This week in the Bible Study we were told who the anointed are, and who the Great Crowd is, and that the other sheep are God’s friends. I say “told”, because to say “taught” would imply that we were given some proof, a scriptural foundation upon which to build our understanding. Alas, since there is no scriptural foundation possible, since…well…none exists, all the Governing Body can do is to tell us yet again what we must believe. However, the appearance of scriptural instruction is important so that we don’t think that this is strictly a doctrine of human origin. Therefore, mingled in with the instruction, we do find a smattering of misapplied scriptures. It distresses me to see how easily we absorb these assertions with nary an eyebrow raised nor a question proffered. We simply accept what comes down the pike from “God’s appointed channel”.
If you think I’m going overboard, consider but one example. Paragraph 16 in chapter 14 of the Jeremiah book states: “Hence, even now these gain a certain righteous standing before God. They are being declared righteous as Jehovah’s friends. (Rom. 4:2, 3; Jas. 2:23)”
“A certain righteous standing”??? Not the righteous standing conferred upon the tiny minority of anointed ones, No; but still, some kind of righteous standing, a “certain kind”. And what is that to be? Not sonship, No sir! Not the inheritance of children. These ones cannot call God their Father, but they can call him their friend…like Abraham was. That’s pretty good, isn’t it? Nothing to scoff at, no sirree!
This baldfaced assertion, that the great crowd are being declared righteous as Jehovah’s friends, is not found in Scripture–not even hinted at in Scripture. If it were, don’t you think we’d have those texts plastered all over the article? But what about the two scriptures referenced in parentheses? (Rom. 4:2, 3; Jas. 2:23) Isn’t that proof? We are meant to think so. We are meant to read them and see that Abraham was God’s friend and so if he could be, so could we. But is that proof that we are? Is that the point that Paul is making? Why wasn’t Abraham called God’s son? Few men were more esteemed by God. His faith was outstanding. He is one of those mentioned specifically in Hebrews chapter 11. So again, why wasn’t he called God’s son?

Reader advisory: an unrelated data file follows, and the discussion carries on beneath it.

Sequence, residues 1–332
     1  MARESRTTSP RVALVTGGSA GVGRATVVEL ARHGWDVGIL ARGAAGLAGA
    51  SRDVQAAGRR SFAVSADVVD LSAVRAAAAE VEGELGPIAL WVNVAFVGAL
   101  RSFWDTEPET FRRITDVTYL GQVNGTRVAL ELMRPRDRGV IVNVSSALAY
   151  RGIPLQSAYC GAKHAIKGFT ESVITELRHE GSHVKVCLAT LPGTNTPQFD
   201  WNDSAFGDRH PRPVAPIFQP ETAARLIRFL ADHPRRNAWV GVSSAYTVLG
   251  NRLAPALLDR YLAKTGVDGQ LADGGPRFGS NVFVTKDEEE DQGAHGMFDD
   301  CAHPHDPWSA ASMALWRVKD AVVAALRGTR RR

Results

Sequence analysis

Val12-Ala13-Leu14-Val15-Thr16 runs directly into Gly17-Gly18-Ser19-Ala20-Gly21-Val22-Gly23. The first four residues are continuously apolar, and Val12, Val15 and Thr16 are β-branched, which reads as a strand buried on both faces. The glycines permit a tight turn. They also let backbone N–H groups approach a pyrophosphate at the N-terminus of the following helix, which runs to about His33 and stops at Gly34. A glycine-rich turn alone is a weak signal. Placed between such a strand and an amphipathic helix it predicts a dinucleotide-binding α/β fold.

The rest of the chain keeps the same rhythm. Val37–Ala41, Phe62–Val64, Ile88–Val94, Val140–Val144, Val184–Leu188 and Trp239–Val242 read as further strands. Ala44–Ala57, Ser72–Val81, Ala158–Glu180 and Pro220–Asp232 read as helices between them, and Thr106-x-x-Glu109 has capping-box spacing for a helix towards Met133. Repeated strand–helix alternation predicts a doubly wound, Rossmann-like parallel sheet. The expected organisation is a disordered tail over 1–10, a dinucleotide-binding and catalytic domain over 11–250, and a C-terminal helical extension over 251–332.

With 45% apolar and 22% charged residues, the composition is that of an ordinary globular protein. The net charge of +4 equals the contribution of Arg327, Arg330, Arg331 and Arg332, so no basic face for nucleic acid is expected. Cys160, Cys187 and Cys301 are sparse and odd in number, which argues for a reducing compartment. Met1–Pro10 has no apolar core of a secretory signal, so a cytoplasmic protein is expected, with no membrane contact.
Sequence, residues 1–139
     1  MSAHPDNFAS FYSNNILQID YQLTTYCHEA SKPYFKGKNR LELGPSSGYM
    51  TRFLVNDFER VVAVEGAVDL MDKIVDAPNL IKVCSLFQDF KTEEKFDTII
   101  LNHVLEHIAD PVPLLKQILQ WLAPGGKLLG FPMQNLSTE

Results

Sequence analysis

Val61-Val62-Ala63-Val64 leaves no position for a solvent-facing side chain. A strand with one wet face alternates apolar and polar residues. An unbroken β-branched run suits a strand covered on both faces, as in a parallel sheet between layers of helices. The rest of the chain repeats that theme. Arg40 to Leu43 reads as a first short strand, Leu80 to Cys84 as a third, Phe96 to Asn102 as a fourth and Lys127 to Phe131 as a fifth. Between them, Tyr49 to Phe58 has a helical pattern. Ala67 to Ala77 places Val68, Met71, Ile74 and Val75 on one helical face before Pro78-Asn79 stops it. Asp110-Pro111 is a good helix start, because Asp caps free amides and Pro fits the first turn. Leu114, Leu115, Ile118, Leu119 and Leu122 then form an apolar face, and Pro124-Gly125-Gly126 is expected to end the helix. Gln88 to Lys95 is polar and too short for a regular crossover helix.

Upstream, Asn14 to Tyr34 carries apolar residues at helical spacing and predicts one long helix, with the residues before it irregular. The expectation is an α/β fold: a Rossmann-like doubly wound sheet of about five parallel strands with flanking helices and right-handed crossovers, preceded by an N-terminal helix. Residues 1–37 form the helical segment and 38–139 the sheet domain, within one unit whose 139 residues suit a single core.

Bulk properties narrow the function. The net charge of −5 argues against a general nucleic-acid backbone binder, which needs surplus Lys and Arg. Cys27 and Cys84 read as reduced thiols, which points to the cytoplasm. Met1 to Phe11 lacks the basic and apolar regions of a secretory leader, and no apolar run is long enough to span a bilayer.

Simply put, Araham wasn’t a Christian. He died centuries before Christ opened the way for men to be called, not friends, but sons of God. Is any imperfect man called God’s son in the Hebrew Scriptures? NO! Why not? Because it wasn’t possible until Jesus died and opened the way for the “glorious freedom of the children of God”.
If someone cares to take the time to read those two references, it is plainly evident that Paul and James are both making similar points about faith vs. works. As a result of his faith, not his works, Abraham was called God’s friend. If he had been living in the first century, he would not have been called God’s friend. He would have been called God’s son, not due to works, but due to faith. Both writers are writing to anointed Christians who already knew they were God’s children. Being God’s friend would be a step down for them. Is there something in the two passages to indicate to first century Christians that a new class, a “friends of God” class of Christian would appear in the distant future? It would simply be impossible to twist these scriptures far enough to make that plausible. In fact, to say that these verses are being misapplied is to abuse the term “misapplied”.
These are the only instances in the Christian Scriptures of someone being called God’s friend and they apply to Abraham with no allusion that the term would be extended to anyone in the Christian Congregation. Yet in thousands of congregations around the world will a hand be raised to object? No, but there must be many–a minority perhaps–but still, many, who are ‘sighing and groaning over the things being done in Jerusalem.’